Schwab Advisor Services released Tuesday the results of a survey of independent broker-dealer and insurance company reps that found that a large majority of respondents liked the idea of starting or joining an RIA firm.
Specifically, when asked, “How appealing is the idea of becoming an independent registered investment advisor at some point in the future?” 86% of the 157 respondents answered by saying they found the idea “very” (28%) or “somewhat” (58%) appealing.
The online survey was conducted on Schwab’s behalf by an independent survey firm, Koski Research, between Jan. 5 and Jan. 21, 2011. Respondents came from a wide range of different sizes and business models of independent BDs and insurance companies, a Schwab spokesperson said.
In a pre-release interview on March 24 discussing the survey’s findings, Bernie Clark, head of Schwab Advisor Services, argued that brokers who “migrated to IBD models, long ago or in the last two years, now they’re saying it’s time to go independent.”
That goes for wirehouse advisors as well, Clark (left) said. “In 2008,” he said, when wirehouse advisors were thinking of leaving due to the troubles with the big firms, “it was natural to gravitate to an existing platform where they could bring their books of business.” Once they got to an independent BD, however, Clark believed “ they became students of the independent model.”
In the statement accompanying the survey’s findings, Nick Georgis, a VP with Schwab Advisor Services, the largest RIA custodian with some 6,000 affiliated advisors, said that Schwab “saw a 45% increase in the number of advisor teams transitioning to independence from IBD firms in 2010 compared to 2009.”
When asked in the survey which “environmental factors” would make those BD reps more likely to move to an RIA model, a “friendlier economic and tax environment for small business owners” was the top factor—at 45% of respondent—followed by “an improved overall market and economic environment,” at 43%.
Some wirehouse brokers may be prompted to leave by the changing ownership of the big
wirehouses, according to Clark, who prediced that “we’re not done with the movement of accounts, which is very embarrassing” to those wirehouse brokers, who have to explain to their clients why their brokerage statements have yet another new name appearing on the top of their statement.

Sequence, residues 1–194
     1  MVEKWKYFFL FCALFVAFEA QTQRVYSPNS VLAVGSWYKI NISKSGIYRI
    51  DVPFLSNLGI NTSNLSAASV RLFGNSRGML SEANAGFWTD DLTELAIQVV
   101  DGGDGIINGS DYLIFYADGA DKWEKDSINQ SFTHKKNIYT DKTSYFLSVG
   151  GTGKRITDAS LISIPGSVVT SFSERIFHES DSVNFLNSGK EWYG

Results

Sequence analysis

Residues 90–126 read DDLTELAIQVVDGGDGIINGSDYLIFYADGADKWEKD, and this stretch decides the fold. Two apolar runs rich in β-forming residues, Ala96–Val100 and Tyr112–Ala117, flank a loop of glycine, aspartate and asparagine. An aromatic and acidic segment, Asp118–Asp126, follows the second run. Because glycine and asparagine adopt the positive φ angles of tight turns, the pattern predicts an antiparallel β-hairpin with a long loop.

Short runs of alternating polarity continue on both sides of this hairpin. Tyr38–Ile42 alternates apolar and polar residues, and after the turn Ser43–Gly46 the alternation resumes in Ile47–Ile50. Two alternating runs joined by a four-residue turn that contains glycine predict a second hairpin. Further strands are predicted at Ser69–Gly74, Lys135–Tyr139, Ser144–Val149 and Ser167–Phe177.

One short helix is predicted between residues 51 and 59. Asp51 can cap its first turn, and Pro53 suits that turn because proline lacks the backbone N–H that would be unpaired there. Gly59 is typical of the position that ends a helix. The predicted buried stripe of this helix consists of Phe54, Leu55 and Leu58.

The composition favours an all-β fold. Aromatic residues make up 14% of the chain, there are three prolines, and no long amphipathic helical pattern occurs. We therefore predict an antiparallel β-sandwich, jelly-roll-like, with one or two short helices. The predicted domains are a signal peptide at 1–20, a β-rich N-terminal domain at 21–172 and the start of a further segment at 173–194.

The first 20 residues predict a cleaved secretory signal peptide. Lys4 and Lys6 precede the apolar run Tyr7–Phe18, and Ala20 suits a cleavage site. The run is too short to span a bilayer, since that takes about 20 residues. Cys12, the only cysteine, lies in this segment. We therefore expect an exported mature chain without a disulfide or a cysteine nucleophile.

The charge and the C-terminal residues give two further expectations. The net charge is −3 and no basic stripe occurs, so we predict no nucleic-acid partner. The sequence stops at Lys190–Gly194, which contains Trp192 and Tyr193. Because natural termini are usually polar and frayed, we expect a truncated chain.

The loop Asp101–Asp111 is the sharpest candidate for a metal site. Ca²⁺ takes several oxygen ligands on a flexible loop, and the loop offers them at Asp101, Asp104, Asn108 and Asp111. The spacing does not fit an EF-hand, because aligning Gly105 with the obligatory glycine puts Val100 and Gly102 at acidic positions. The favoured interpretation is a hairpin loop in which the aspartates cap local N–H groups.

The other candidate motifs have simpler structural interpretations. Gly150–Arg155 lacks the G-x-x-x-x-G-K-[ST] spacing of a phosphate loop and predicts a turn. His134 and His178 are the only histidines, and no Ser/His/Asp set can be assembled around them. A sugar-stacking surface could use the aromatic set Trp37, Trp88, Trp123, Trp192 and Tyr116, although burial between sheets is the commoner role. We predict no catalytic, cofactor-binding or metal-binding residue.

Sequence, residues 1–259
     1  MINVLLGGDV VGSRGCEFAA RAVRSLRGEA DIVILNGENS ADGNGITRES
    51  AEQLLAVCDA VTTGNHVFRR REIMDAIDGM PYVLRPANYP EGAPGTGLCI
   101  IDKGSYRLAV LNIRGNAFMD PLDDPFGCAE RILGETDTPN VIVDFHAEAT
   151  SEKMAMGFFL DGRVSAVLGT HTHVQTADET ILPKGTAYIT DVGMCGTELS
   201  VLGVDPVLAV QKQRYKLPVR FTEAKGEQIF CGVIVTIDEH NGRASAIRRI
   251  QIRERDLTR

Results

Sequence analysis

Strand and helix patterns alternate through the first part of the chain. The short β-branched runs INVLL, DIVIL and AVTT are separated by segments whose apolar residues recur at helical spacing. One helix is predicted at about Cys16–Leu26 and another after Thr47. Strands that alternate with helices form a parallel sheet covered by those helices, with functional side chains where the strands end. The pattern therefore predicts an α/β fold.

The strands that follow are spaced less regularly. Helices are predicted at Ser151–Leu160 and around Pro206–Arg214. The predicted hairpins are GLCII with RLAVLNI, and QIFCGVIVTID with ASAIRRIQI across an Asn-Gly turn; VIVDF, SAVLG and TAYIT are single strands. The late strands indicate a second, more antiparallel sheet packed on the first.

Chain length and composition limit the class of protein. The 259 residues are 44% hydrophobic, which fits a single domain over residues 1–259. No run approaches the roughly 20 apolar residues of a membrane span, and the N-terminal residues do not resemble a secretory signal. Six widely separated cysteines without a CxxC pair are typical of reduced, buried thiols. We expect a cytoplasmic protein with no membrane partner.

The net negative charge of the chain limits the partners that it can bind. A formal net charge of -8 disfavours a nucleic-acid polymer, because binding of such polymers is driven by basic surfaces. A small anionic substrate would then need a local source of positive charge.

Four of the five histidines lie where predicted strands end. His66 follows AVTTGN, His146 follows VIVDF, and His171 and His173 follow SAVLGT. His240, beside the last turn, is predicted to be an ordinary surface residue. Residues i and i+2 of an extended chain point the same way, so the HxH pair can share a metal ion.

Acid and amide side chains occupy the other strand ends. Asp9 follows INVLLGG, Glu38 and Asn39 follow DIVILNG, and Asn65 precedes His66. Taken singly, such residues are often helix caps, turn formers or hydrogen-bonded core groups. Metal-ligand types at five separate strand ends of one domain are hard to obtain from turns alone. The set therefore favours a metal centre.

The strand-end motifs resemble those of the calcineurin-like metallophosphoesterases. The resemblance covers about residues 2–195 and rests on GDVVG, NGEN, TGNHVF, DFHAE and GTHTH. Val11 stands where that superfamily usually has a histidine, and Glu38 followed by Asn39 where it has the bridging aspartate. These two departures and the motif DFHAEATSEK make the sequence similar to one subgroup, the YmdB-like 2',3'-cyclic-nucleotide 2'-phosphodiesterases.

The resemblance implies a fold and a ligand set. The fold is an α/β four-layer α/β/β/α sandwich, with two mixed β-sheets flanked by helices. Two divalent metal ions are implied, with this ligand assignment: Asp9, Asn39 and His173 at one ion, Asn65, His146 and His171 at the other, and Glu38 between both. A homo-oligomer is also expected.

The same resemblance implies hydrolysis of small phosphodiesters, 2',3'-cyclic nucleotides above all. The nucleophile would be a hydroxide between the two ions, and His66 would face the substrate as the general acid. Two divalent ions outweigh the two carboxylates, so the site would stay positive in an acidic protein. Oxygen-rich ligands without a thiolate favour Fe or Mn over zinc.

Moreover, Clark says that “Even the brokers now are starting to talk about the simplicity of fees versus commissions,” with some of that new realization “rooted in distrust” of their parent company. The brokers know that their firms are “making money on products,” he said, but worry that they “may not even know about it.”
When asked in the survey if they were to choose the RIA model whether they would prefer to join an existing firm or run their own, 58% said they would join an existing RIA firm, and 34% said they would start their own firm (see chart below). “When an individual joins an existing firm,” Clark commented on this finding, “you’re partnering with someone, there’s more more synergistic value.”
Clark wondered in the interview about the appropriateness of the independent BD model. “if I’m entrepreneurial,” he said, referring to a broker considering independence, “why go with an LPL—to a halfway house?” With the improvements in the “technical programs to run their own businesses,” offered by custodians, he said, “maybe you don’t need the interim step any longer.”
Clark suggested that “this movement toward independence” is still in its “early days,” but it represents a “sea change” not just in advisor affiliation models but in how consumers will invest in the future. Those investors, he says, want their brokers to move toward the independent model.
He also warned, however, that we haven’t seen the last of the wirehouses, and thinks it’s possible that one or more wirehouses will “declare that they’re independent” taking a “join us rather than beat us” approach. “I don’t know if they can ever unravel themselves,” Clark concludes, “but the trend is in that direction.”
The survey also found that IBD advisors see a number of benefits to joining or starting an independent RIA firm, including a greater ability to develop and grow their own business (43%), deliver more customized solutions (42%) and hand pick their own team (41%).